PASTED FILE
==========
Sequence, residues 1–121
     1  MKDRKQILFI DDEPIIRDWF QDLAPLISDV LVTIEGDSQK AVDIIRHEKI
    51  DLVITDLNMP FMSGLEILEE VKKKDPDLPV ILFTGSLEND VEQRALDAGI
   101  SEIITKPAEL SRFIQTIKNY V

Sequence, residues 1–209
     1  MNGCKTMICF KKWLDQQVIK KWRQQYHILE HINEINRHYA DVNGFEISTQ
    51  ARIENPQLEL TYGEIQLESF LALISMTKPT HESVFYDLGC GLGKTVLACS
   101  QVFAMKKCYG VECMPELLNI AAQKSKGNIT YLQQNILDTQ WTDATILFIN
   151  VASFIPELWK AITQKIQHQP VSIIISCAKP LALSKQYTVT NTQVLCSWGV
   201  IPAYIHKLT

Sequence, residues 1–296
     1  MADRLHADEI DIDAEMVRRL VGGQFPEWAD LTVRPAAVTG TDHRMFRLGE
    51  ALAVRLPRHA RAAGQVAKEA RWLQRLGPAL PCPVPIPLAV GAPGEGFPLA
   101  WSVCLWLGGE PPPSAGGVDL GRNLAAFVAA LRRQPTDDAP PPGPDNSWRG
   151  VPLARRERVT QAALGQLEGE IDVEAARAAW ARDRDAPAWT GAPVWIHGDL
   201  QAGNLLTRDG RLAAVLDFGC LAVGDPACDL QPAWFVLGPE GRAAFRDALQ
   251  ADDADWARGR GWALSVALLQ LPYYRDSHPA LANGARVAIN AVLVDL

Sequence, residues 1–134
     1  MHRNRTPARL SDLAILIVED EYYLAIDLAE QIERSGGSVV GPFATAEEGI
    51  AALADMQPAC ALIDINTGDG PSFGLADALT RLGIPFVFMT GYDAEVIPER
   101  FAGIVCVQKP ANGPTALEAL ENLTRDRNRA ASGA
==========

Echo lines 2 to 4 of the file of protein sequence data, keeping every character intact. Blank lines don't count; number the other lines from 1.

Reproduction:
     1  MKDRKQILFI DDEPIIRDWF QDLAPLISDV LVTIEGDSQK AVDIIRHEKI
    51  DLVITDLNMP FMSGLEILEE VKKKDPDLPV ILFTGSLEND VEQRALDAGI
   101  SEIITKPAEL SRFIQTIKNY V